Excellent Security computing scientific papers collection

By Bradley Susser’s Blog bot24.blogspot.com 

Science papers direct link

I like Back to Basics  where the paper reviews our bad security model –  which used to work as networks were small and fixed computers on the inside protected from systems on the Internet.


Today our security model is where new devices get set up internally, or malware is on the inside network which are not secure and could be compromising the Internal network. Or the cloud has permissions and could be compromised in new ways.


The network  is no longer a fixed type, there are a lot of grey areas.  The suggestion is to increase the granularity of the network building blocks where security can be tested or builtin.  Sort of like testing the network traffic packet by packet.  They are also discussing building blocks in the virtual machine area, where each application is tested.

the idea is to get people thinking closer to 100% secure environments, rather than the risk based models today.

The Kill chain discussing the Target data breach is also on this site.  The details of the target 40 mil credit card number stealing.

default account name on BMC software was one of the culprits, one needs a good testing plan, both internal testing and external independent audits/or scans.

(We can do an independent audit /scan of your network)

There are many other good papers.


Computer hacker pleads guilty on ATM fraud

CBS local in New York has an audio spot

$14mil  in 2 days in 17 countries on 15000 ATM devices.

Apparently JPMorgan Chase processed debit card transactions for the American Red Cross.


The hackers increased the withdrawal limits on the debit cards and then used the card information to withdraw money all over the world.


It took 2 years for the authorities to prosecute Qendrim Dobruna (Albanian).  Apprehended in 2012, and on 7/11 he pled guilty.



NASDAQ, PNC Bank, Heartland Payment Systems, 7-Eleven, JC Penney hacked

Arstechnica has an old story that I thought was interesting:

From 2005 – 2012 there were multiple break -ins thus the hacker “owned” the various company sites.

The overwhelming attack vector sued was SQL -injection.

Her is an excerpt that I want to emphasize:

“NASDAQ is owned,” Aleksandr Kalinin, a 26-year-old resident of St. Petersburg, Russia, allegedly reported in a January 2008 instant message after finally obtaining administrative access to the stock exchange’s network. Like a rock climber slowly scaling a craggy cliff, he spent months methodically escalating his access into the highly sensitive system. In an instant message he sent six months earlier, after initially gaining less-privileged access, he said, “30 SQL servers, and we can run whatever on them, already cracked admin PWS but the network not viewable yet. those dbs are hell big and I think most of info is trading histories.” “PWS” and “dbs” are presumed to be shorthand for passwords and databases respectively.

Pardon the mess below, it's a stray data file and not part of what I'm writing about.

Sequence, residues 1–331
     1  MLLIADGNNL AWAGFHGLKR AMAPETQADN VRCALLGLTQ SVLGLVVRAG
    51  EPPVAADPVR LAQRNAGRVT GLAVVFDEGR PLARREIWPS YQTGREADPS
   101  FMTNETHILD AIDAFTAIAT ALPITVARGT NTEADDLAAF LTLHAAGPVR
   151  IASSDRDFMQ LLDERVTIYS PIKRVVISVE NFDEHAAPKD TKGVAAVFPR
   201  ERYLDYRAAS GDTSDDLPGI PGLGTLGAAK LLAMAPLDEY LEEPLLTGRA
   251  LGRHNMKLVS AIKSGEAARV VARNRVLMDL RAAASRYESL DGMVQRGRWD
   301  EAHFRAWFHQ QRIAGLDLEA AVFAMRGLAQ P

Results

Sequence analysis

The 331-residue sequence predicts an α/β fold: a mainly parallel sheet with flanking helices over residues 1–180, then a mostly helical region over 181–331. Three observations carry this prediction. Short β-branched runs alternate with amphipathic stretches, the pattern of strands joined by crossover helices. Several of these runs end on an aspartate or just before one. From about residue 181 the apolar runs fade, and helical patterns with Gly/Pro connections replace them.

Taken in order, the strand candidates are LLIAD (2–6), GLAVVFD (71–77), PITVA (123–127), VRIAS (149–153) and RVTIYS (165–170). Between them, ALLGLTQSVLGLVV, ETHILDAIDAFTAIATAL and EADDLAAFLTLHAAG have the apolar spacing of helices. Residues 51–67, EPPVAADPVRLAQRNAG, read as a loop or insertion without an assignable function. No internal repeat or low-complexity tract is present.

Notice the methodology and thinking of the hacker they find vulnerabilities by probing networks and database servers with many different methods. Eventually the prosecutors found that they had stolen $160 million.  the hackers are very sophisticated and motivated. today this is big business the attack on your database servers is a big business operation.



targeted malware campaign -> to exploits in Dropbox

Malware campaign is using some old and new methods.

One email claims to be from Maersk shipping line and the attachment (word doc) opens a backdoor connection to two hacker command and control servers

The dropbox domain is also referenced, the links attempt to contact londonpaerl (. )co (. )uk and selombiznet(.)net (I added the parantheses so it is harder to copy and paste these malware sites.


It is always good to keep up on the latest attacks and update anti-malware software.

This information is from a threatpost.com blog post

POS – Point of Sale systems were breached credit card info stolen

Information Systems & Supplies(ISS) has a letter to all of its customers

They discovered a breach through their remote access software, where customer data could have been  stolen.

this is a travesty – so how do you know if a company you frequent has ISS  there may have been a breach Here is  a list of potential breaches:

dairy Queen, TacoTime, Laurelwood, Buffalo Wild Wings, Flat Tail Brewing, BarrelRoom, Atrium Lounge, and others….


Ask your restaurant if they use ISS as their software to handle transactions.

Or ask us and we will ask them.

Here is the FuturePOS software that was potentially breached